"HAYDON parochial chapelry, the property of the Commissioners of Greenwich Hospital, and others, is divided for highway purposes into the quarters or divisions of Brokenheugh, Deanraw, Ellerington, and Lipwood. It contains 13,688 acres, and its rateable value is £14,106. The number of its inhabitants in 1801, was 1,084; in 1811, 1,347; in 1821, 1,574; in 1831, 1,746; in 1841, 1,908; and in 1851, 2,085 souls. The manor of Haydon was formerly the property of Anthony, Lord Lucy, of Cockermouth, who, in 1344 obtained a charter from Edward III., in which permission was granted to hold a weekly market here on Tuesdays, and an annual fair on the feast of St. Mary Magdalen, and the three following days, but these privileges have long been disused. This chapelry is intersected by the Newcastle and Carlisle Railway, which has a station here, near to which are the Haydon Bridge Irons Works, established in 1843, and extensively carried on by Messrs. Coaltas Dodsworth and Co. There are also mills for the smelting of lead ore, at Langley, worked by Messrs. Shield and Co., and at Grindon Hill, a Lead Mining Company has been recently formed. On Ellfoot Hill, a cist vaen, containing some ashes, was discovered by Mr. Thomas Pickering in 1851, and several ancient silver coins were lately found in an adjoining field." [From History, Topography, and Directory of Northumberland, Whellan, 1855].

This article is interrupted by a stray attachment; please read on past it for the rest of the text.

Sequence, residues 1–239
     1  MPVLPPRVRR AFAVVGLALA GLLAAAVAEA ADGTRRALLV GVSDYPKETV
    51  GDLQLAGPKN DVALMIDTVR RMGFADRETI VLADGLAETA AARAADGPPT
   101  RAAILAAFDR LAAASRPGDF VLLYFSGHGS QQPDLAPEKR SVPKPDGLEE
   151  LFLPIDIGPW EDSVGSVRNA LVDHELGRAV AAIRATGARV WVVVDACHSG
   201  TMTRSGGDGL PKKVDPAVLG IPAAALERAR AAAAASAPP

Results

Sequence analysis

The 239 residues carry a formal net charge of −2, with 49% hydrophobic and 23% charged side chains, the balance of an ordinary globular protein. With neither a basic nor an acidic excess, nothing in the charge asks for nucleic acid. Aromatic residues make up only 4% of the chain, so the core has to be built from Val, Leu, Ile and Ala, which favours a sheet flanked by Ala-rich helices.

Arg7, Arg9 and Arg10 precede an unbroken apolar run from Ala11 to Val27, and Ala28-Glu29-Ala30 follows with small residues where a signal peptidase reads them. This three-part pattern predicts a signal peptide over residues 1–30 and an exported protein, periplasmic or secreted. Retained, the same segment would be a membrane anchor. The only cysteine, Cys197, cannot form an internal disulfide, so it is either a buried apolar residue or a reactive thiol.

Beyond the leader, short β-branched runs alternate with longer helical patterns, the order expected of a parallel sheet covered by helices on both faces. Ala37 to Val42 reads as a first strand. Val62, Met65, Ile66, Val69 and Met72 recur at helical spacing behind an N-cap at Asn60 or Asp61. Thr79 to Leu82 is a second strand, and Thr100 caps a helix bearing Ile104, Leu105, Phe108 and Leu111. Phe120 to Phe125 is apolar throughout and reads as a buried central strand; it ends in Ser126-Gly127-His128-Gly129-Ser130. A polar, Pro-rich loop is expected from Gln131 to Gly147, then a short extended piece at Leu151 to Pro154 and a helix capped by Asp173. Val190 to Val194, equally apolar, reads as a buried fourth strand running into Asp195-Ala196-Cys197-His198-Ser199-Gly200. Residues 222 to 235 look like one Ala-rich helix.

"HAYDON, a chapelry in the parish of WARDEN, north-western division of TINDALE ward, county of NORTHUMBERLAND, ..... The village of Haydon- Bridge, situated on both sides of the South Tyne river, is in this chapelry........" [Samuel Lewis Topographical Dictionary of England 1831 © Mel Lockie]
"HAYDON, (or Haydon-bridge), a chapelry in the parish of Warden, .... The chapelry contains the hamlets of Brockenheugh, Lipwood, Ellerington, Chesterwood, Langley, and Deanrow...... " The National Gazetteer of Great Britain and Ireland (1868) Colin Hinson ©2003]